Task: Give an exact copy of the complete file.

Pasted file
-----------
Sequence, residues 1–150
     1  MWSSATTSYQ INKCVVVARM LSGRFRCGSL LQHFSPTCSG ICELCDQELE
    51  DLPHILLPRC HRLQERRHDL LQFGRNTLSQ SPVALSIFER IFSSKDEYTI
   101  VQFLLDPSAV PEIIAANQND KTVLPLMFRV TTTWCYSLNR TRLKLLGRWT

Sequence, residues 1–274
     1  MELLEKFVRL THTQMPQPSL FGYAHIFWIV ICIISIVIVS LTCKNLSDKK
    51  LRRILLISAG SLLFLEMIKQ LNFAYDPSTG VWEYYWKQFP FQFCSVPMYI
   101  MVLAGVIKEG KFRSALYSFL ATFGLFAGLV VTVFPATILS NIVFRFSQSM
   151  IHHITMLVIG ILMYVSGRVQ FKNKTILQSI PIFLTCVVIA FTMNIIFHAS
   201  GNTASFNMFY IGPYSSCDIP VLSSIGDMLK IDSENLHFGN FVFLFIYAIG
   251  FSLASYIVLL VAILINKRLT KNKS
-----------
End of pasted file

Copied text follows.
Sequence, residues 1–150
     1  MWSSATTSYQ INKCVVVARM LSGRFRCGSL LQHFSPTCSG ICELCDQELE
    51  DLPHILLPRC HRLQERRHDL LQFGRNTLSQ SPVALSIFER IFSSKDEYTI
   101  VQFLLDPSAV PEIIAANQND KTVLPLMFRV TTTWCYSLNR TRLKLLGRWT

Sequence, residues 1–274
     1  MELLEKFVRL THTQMPQPSL FGYAHIFWIV ICIISIVIVS LTCKNLSDKK
    51  LRRILLISAG SLLFLEMIKQ LNFAYDPSTG VWEYYWKQFP FQFCSVPMYI
   101  MVLAGVIKEG KFRSALYSFL ATFGLFAGLV VTVFPATILS NIVFRFSQSM
   151  IHHITMLVIG ILMYVSGRVQ FKNKTILQSI PIFLTCVVIA FTMNIIFHAS
   201  GNTASFNMFY IGPYSSCDIP VLSSIGDMLK IDSENLHFGN FVFLFIYAIG
   251  FSLASYIVLL VAILINKRLT KNKS